Being the parent of a child with special needs and facing the education system’s serial obstacles and complexities can leave you bereft of hope. The world of special educational needs and disabilities – or SEND – is a sea of acronyms, arcane officialspeak and labyrinthine processes, to the point that those of us at its heart often feel completely lost.
But if there is a key cause for optimism, it is the recent report by the Commons education select committee into the SEND system. What a tremendous relief to pick up the report last week and be instantly be hit by its bluntness. The product of 18 months of work by cross-party MPs, its 127 pages focus on the practical results of the 2014 Children And Families Act, and drastic changes to special needs provision in England against a background of cuts and political confusion and paralysis.
It is unsparing: “The 2014 reforms have resulted in confusion and at times unlawful practice, bureaucratic nightmares, buck-passing and a lack of accountability, strained resources and adversarial experiences,” it says. Local authorities, given the responsibility for enforcing the legislation, have been “set up to fail” while parents and carers have to “wade through a treacle of bureaucracy, conflict, missed appointments and despair”.
The evidence, based on more than 700 written and oral contributions, is just as hard-hitting, as are its recommendations. To declare an interest: as the parent of an autistic child, and a journalist who writes regularly on SEND issues, I was among the witnesses.
This is not to say that the report is definitive, nor that its prescriptions for change would correct all the system’s deepest faults. But as one of the most ambitious inquiries ever put together by a select committee, it is a milestone.
As the system has been reordered around the new Education, Health and Care Plans (EHCPs) and entitlements, the noise around SEND has rapidly increased. TV news now regularly runs stories about poor provision and people’s deep grievances. Whereas once fellow parents viewed the SEND world as something alien and complex, I get the sense that increasing numbers now know roughly what is going on, and how bad things have become.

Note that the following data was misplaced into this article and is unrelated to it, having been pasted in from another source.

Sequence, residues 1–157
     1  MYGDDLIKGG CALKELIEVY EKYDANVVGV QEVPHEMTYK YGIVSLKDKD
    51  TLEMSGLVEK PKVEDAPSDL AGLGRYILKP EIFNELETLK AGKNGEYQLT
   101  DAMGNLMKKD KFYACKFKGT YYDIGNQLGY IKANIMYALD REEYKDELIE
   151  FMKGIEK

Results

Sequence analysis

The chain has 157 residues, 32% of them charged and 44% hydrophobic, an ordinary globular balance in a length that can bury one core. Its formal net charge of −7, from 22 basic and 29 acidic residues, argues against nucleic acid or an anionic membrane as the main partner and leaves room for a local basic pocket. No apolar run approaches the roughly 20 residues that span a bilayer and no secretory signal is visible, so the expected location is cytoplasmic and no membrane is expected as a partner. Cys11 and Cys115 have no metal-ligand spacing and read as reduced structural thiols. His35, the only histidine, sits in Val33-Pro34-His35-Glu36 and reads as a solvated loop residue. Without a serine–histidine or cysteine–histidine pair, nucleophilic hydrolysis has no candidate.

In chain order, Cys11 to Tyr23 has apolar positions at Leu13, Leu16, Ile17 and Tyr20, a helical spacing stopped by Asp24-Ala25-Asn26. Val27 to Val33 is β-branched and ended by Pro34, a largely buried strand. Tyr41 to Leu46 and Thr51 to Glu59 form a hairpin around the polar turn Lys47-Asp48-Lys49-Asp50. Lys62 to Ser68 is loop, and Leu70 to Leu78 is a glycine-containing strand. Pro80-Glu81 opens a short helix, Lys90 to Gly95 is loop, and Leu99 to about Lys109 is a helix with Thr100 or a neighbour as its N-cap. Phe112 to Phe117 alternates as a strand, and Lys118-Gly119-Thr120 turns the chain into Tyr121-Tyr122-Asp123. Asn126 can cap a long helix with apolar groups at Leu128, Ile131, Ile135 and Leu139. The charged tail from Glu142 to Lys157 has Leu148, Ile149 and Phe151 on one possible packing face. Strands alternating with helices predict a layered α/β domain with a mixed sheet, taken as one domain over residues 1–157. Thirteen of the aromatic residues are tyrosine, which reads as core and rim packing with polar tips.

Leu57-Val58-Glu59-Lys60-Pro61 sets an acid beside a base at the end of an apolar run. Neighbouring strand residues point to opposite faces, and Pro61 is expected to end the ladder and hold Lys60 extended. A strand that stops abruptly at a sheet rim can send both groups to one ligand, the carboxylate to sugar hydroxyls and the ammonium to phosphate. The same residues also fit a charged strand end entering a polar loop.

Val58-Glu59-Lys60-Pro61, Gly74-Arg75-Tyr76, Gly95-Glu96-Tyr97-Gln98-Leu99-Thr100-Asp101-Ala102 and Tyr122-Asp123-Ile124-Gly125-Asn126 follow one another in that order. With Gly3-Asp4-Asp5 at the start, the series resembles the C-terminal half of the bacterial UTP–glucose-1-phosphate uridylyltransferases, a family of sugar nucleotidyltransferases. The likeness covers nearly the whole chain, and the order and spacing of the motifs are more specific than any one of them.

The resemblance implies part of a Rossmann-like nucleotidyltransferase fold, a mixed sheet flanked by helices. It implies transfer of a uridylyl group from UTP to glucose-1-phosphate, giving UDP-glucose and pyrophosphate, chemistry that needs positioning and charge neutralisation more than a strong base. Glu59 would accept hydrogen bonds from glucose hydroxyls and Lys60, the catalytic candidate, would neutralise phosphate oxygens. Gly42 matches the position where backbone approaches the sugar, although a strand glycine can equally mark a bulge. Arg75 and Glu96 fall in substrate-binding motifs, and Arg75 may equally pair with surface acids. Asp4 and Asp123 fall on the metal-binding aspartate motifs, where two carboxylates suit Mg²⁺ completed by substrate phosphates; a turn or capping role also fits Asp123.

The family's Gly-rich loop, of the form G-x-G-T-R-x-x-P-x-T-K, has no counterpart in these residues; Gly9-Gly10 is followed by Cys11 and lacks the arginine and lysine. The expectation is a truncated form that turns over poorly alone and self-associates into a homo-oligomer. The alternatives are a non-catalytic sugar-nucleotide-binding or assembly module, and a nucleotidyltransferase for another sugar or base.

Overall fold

The internet has ensured that thousands of people with a direct interest are more connected than ever before. Obviously, this is nothing but a good thing, but their involvement is hampered by ingrained top-down thinking, and a failure to understand that parents should be centrally involved, not thought of as grateful recipients of whatever the state can offer.
The stereotypical bureaucratic attitude is grimly illustrated by evidence to the inquiry from Staffordshire county council’s chief executive, who complained that parents “were able to access so much information that they had formed opinions before they had met with the local authority” and that some organisations were using “aggressive marketing”, including legal advice for parents on how to get the local authority to pay for them.
One key challenge is to ensure SEND systems can accommodate those who want to be active participants in their child’s education, but not marginalise those who do not have the time or resources to do the same.
The report makes the case not only for more money, but for increased accountability, partly though Ofsted and the local government ombudsman, and a drive to ensure that schools’ special educational needs co-ordinators – AKA Sencos – can do their jobs properly. Perhaps most helpfully of all, it proposes that parents and carers entering the system ought to be supported by neutral SEND specialists who can guide them through the system’s mazes.
These are important ideas, but in the here and now, they may be less significant than the committee’s fierce sense of purpose and clarity. That is the source of optimism. As a parent, I want more interventions like this – which might at last lead to a system as open and understandable as the report itself.